- You will be studying in the heart of The Hague - a bustling, cosmopolitan urban centre and the administrative heart of the Netherlands - amidst government ministries, international organisations and multi-nationals. Here, you can directly experience the subject of your studies and your potential field of work
Students who have a Bachelor’s degree in Public Administration from Leiden University are always eligible for direct admission. They can register through Studielink. All others need to apply through Studielink and through the online application system.
In order to be considered for the Public Administration Master’s programme, you should possess:
- a Bachelor’s degree in Public Administration or a Bachelor’s degree in a closely related discipline from a recognised university.
Related disciplines are considered to be Political Science, Public Management, Public Policy, Economics, Business Management, and Sociology. Students coming from a related discipline should still officially apply. In exceptional cases, a bachelor’s degree in International Relations, International Studies, European Studies, or Organization Studies will be acceptable, provided that a substantial number of courses related to public administration are included in the bachelor’s programme.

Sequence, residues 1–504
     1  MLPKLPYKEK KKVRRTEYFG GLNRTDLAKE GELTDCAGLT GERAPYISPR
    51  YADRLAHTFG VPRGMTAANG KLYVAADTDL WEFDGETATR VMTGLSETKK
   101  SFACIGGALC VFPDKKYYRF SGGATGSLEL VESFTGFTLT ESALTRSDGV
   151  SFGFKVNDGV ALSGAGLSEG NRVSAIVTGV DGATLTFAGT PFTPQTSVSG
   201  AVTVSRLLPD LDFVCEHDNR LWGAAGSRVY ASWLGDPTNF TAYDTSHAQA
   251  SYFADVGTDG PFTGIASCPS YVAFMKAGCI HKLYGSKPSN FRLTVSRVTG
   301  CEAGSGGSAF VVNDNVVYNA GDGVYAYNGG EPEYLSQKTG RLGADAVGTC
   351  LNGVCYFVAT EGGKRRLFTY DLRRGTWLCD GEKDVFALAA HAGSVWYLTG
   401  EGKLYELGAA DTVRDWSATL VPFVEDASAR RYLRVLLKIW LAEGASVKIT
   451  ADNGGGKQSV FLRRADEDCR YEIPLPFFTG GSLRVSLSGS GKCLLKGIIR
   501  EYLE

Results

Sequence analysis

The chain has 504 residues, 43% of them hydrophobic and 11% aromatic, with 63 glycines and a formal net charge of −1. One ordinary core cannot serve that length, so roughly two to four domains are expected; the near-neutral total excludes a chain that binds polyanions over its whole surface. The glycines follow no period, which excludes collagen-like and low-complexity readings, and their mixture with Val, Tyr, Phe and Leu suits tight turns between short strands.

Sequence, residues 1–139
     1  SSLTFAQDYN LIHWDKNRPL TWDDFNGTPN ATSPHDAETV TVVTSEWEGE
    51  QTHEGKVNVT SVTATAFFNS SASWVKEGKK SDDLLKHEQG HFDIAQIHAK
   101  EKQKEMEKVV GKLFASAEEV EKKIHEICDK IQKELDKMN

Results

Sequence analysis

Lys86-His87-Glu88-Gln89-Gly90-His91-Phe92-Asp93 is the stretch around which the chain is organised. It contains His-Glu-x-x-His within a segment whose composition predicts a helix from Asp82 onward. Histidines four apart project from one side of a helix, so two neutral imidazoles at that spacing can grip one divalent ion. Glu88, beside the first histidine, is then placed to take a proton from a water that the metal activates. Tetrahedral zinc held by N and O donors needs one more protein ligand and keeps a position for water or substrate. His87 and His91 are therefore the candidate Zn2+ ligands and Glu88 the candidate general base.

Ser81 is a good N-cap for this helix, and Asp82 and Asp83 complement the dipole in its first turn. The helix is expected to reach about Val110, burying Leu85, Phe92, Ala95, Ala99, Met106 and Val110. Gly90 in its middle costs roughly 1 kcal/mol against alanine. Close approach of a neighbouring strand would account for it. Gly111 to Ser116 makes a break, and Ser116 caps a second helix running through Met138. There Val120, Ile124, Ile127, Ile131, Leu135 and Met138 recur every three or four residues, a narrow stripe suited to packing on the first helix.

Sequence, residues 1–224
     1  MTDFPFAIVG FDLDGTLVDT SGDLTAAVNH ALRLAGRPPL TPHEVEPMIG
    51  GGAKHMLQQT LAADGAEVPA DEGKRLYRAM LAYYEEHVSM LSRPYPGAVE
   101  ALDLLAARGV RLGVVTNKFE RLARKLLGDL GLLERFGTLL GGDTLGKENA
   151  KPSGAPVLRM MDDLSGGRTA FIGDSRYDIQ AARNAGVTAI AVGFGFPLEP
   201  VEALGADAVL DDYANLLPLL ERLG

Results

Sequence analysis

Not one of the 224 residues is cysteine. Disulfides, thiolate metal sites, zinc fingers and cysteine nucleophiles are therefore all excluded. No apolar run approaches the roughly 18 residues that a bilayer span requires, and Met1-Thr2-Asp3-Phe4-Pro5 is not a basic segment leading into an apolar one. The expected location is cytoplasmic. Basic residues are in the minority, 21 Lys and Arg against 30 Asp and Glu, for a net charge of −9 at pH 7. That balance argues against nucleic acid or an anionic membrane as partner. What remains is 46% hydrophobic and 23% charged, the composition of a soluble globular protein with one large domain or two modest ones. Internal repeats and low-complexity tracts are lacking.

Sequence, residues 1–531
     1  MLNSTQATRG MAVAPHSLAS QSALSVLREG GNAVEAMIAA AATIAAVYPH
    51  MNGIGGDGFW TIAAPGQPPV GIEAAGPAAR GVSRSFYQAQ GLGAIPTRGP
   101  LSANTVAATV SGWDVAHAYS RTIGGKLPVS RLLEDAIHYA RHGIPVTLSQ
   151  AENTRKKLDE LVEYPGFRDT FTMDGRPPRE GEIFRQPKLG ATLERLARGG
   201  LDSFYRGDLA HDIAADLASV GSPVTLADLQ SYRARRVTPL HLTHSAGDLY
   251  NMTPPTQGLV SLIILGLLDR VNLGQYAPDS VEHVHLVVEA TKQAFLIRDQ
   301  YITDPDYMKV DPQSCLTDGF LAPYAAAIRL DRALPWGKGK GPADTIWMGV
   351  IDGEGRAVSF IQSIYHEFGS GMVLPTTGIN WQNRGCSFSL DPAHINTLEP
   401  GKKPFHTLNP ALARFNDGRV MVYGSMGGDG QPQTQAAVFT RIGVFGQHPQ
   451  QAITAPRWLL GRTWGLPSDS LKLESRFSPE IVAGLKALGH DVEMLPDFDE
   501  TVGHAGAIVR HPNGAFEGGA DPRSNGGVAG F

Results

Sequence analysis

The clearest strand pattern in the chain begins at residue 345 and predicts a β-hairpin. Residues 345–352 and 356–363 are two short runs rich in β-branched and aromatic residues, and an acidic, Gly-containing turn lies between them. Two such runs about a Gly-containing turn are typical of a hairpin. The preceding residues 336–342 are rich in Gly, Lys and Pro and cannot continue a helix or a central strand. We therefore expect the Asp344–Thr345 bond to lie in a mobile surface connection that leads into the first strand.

Interview with Rianne, currently studying Economics & Governance in Leiden
Why did you choose your current Master programme?
Already during my Bachelor, I tried to on economic issues as much as I could, so I knew quite soon that I wanted to do a master which combines politics and economics. So I went to a lot of open days and visited a lot of websites, and this programme, in the end, sounded the most interesting
Why did you choose the city / University you are studying at?
Leiden University has a very good reputation, both nationally and internationally. I chose to live in The Hague and not in Leiden, as The Hague is the political capital of the Netherlands, which in my opinion largely adds to the study climate. Besides, The Hague is more of an adult city than Leiden, which is more of a bachelor city in my opinion